Religious Leaders Oppose MN Voter Photo ID

Religious leaders of various faiths hold a press conference at the Minnesota State Capitol voicing their opposition to the proposed constitutional amendment requiring a photo ID for the purpose of voting.

Following the press conference, those assembled deliver a copy a letter opposing the amendment to House and Senate leadership and co-sponsors of the bill (video here). The letter has been signed by hundreds of interfaith leaders throughout Minnesota.

Video of full news conference:

Transcript of video highlights clip:
Pastor Grant Stevensen, St. Matthew’s Lutheran Church, President of ISAIAH:

One of the most despicable aspects of the current political scene is how callous operators have adopted a strategy of announcing false statements and practicing distortion in an effort to have trusting folk vote against their own interests and the best interest of our state. Historically Minnesotans have been proud to lead the nation in voter participation. Now we have operatives that want us to join a well designed national orchestrated effort to suppress votes. That’s how I would characterize this season in which cynical decisions have been made to move in wolf-like fashion wearing lambs’ fleece to restrict voting.

Why else would loud voices rush into the media marketplace, guns drawn, protecting Minnesota from voter impersonation, when they know full well that there’s been no, that is to say zero cases of voter impersonation identified in the state of Minnesota.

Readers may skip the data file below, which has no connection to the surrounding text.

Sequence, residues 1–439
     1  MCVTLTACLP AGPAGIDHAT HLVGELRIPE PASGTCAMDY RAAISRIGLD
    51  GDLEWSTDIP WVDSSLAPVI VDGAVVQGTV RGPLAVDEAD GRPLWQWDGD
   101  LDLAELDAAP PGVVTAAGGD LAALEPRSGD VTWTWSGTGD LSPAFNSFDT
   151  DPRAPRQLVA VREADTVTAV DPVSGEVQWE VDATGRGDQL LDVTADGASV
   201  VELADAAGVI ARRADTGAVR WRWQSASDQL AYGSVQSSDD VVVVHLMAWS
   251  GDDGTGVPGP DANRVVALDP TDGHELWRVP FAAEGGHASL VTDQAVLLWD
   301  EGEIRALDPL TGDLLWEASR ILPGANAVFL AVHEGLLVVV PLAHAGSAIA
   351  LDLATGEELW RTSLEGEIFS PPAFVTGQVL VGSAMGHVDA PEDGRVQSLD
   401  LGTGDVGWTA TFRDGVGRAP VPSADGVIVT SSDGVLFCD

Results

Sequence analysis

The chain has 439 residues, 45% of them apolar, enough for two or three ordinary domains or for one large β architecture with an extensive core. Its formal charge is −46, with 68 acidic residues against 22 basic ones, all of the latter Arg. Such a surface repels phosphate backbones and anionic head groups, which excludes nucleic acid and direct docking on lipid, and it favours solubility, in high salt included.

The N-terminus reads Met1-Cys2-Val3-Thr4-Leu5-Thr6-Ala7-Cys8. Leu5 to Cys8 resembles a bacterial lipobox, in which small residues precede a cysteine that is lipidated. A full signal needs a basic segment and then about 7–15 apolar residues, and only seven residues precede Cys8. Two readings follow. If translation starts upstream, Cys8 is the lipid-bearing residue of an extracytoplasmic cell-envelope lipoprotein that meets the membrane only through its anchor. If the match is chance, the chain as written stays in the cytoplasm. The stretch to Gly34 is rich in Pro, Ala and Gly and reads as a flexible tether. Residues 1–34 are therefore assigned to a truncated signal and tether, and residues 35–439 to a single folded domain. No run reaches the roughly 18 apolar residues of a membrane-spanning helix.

Why else would some manipulators raise their voices to a fever pitch claiming to save Minnesota from voter fraud, when in 2008 election, 2.9 million votes were cast and the convictions for voter fraud totaled 113. That’s a whopping four-thousands of one-percent of those casting ballots.

Analysis of this minor number concluded not that voter fraud was a threat to our system, but that a very small number of people who did not know they had lost their right to vote attempted to vote.

Now if some of our fellow Minnesotans were genuinely concerned with this very insignificant threat to the integrity of the voting process, a cost effective legislative remedy was already offered by Representative Bobby Champion and passed in 2010 with strong bipartisan support. And was then vetoed by former Governor Pawlenty.

So instead of an economical strategy to notify those ineligible to vote, a cumbersome, very expensive, some estimates up to $23 million, effort is proposed to amend the state constitution and according to analysis by the Secretary of State, suppress voting opportunity for over 700-thousand Minnesotans.

I consider civil rights, the civil rights movement to have been one of the great shapers of my life. I experienced rules that required African-Americans to move to the back of the bus, climb to the balcony of the movie theater, and drive across town to the one hospital in Knoxville, Tennessee that allowed African-Americans treatment. We fought then against the discrimination and we waged war against the poll taxes and the literacy test and any other devices designed to narrow the participation of people, who could shed blood for the country, but who could not participate in the election of office holders.

This attempt to require photo ID in Minnesota is a descendant of other efforts to deny voting rights through the years. Let us agree together that this devilish enterprise will not succeed on our watch.

Richard Chase, Jewish Community Action, Board President: